Talbot Bay & Horizontal Falls

Hidden at the heart of the Kimberley are a group of one thousand islands, known as the Buccaneer Archipelago. This is the area where Alan and I spent the last full day of the amazing Silversea cruise from Darwin to Broome.  We woke at sunrise in stunning Cyclone Creek in beautiful Talbot Bay, excited about what the day would have install for us.

We spent the early morning in a zodiac cruising around the Cyclone creek checking out the spectacular geology of the ancient rocks which look like they have been folded into place, just amazing. The early morning is filled with birds of prey looking for their morning meal, adorable rock wallabies scooting along the cliffs, lots of fish and a few cheeky tawny nurse sharks cruising around.

The cliffs in Cyclone Creek are evidence of huge geological uplifting and said to be 1.7 billion years old – very hard for me to get my head around this fact!  I have so many questions I don’t even know where to start.

While much of the Kimberley coastline is made up of horizontal layers, the Talbot Bay region is in an area where there has been considerable twisting and buckling; the layers are folded up into synclines and anticlines. Sometimes they have moved so far up they are almost vertical.

After a relaxing early morning in the zodiac, it is time for a bit of excitement in the jetboats and the Horizonal Falls. High tide has been and now it is as though somebody has pulled the plug on the ocean. Millions of litres of ocean sucks through a narrow sea gorge, the water brawling and churning as it goes. And we are about to head through this in a boat!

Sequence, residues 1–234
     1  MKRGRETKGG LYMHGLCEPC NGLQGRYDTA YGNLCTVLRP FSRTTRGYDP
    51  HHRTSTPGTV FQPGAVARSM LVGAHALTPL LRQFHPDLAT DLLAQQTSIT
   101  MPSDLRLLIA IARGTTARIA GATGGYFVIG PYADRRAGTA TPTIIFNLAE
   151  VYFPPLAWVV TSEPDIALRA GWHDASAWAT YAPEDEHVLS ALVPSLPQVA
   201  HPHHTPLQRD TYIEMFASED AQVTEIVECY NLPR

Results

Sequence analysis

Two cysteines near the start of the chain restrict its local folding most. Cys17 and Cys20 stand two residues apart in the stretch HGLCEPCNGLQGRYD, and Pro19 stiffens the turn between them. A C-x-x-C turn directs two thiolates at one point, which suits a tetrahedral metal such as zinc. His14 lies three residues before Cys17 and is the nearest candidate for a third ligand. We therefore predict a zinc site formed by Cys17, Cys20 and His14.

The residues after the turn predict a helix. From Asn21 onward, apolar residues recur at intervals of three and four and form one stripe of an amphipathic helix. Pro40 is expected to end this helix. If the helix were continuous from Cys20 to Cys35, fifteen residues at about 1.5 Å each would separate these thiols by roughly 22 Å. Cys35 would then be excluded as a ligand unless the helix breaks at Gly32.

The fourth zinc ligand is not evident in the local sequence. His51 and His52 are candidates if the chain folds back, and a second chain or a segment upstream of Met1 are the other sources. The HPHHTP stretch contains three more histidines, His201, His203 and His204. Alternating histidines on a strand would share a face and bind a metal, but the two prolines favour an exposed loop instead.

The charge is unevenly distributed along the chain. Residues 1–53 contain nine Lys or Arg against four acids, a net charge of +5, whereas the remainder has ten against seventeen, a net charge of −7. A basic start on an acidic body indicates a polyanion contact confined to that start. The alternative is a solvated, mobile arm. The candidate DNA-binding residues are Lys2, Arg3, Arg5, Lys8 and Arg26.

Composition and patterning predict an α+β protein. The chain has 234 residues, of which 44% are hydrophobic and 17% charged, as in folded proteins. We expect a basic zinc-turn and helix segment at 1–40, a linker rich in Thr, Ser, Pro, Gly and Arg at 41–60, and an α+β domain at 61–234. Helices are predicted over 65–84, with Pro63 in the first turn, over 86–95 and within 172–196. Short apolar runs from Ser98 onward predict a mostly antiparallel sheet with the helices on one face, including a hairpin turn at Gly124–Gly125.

In the turquoise water of the bay the fast moving tidal current squeezes through two narrow gorges of the McLarty Range, pushing the water into rapid like formations which rush through the twin gaps at an astonishing rate, producing waterfalls turned on their side.

The twin gaps are part of the McLarty Ranges, which have two ridges running parallel approximately 300 metres apart. The first and most seaward gap is about 20 metres wide and the second, most spectacular gap is about 10 metres wide.  It is through these gaps we take a very exhilarating ride in a 900-horsepower fast boat.

Described by David Attenborough as “Australia’s most unusual natural wonder”, Horizontal Falls is a natural phenomenon that is as intriguing as it is stunning. The Horizontal Falls are one of the premier tourism destinations of the Kimberley.

I am so happy I have had the pleasure of visiting this incredible piece of the world.  I’m sure it will remain a favourite destination for me, forever!

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